Though we may be too unfocused at this point to be effective readers (Who made it this far in the blog post?) we do have a huge opportunity afforded to us in this new technology. We can control our own publishing, it can be affordable, it can be convenient, and it never has to go out of print. On the other hand, under these terms, larger companies can also not only control the means of publishing but also control what books you own, even after you buy them. This complicated and controversial reality was perfectly, and ironically, exemplified when Amazon infamously deleted unlicensed Kindle copies of George Orwell's 1984 from not only their market place, but actual customer's Kindle devices. This was done with neither the customer's consent or notification***.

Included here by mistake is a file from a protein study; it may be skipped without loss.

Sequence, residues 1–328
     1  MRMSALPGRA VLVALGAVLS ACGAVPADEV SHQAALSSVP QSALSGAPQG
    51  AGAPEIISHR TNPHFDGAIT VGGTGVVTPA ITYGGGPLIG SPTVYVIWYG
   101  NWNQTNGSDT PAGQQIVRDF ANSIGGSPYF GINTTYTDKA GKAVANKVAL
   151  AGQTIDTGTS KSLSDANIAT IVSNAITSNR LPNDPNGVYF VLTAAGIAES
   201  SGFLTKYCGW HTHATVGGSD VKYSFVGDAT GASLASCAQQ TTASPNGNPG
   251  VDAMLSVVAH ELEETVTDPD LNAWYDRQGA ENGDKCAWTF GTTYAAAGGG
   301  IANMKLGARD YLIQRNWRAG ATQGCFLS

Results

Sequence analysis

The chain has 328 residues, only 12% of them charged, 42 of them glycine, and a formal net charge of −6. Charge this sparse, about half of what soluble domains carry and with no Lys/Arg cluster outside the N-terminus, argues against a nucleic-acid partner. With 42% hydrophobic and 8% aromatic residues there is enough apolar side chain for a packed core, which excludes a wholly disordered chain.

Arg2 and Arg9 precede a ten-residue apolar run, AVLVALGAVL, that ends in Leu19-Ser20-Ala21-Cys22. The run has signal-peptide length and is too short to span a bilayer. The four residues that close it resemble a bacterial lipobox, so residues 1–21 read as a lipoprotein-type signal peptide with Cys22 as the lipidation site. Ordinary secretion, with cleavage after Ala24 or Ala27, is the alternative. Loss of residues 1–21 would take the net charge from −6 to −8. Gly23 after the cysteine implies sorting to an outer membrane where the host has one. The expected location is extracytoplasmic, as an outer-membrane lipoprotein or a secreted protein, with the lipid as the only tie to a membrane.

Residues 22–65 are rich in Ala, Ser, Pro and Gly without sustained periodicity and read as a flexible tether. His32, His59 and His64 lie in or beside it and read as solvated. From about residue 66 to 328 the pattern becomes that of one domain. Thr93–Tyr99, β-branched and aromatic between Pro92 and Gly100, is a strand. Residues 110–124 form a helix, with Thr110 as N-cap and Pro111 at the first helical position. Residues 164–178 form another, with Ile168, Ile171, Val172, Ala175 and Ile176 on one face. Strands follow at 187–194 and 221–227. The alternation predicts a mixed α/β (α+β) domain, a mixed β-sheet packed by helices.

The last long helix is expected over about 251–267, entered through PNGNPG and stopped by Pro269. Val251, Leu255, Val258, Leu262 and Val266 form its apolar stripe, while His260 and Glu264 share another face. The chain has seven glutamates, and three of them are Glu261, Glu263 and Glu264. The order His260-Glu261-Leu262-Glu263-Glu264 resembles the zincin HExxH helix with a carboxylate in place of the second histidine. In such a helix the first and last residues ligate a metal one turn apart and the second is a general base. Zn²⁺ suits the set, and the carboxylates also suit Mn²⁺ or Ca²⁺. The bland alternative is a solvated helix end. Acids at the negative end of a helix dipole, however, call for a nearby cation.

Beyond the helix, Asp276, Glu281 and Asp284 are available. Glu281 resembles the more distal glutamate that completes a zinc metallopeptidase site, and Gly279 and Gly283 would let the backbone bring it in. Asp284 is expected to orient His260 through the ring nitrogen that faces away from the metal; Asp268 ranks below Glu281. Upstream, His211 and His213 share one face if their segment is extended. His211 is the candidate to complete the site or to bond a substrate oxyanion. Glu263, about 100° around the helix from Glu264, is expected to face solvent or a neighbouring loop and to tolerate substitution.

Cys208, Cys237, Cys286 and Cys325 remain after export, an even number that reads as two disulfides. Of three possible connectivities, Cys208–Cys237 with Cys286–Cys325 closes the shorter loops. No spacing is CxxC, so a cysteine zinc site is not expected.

The birth of eBooks also presents another moral dilemma for publishers. Anyone working in publishing would argue that the purpose of a publisher is to distribute literature to as large of an audience as possible. This is a complicated business with high overhead. Now, technology has made the overhead considerably cheaper. Unfortunately, businesses model themselves on growth and not resource preservation. Currently, eBooks are the same price as printed books, though the cost of publishing is monumentally less. This contributes to a consumer's consideration toward piracy. They are human and, after all, programmed for one thing: to gather and process information. We take it in through our five senses, catalog it in our minds, store it, and use it to help others gather even more information. It is a primal instinct. Our nomadic herding didn't stop with agriculture and technology, we just changed the materials and the environment and moved inward. Under this base instinct, it is human nature to support the idea of a free and open library and now we have the resources for this library model to work online, with unlimited potential, across the entire globe.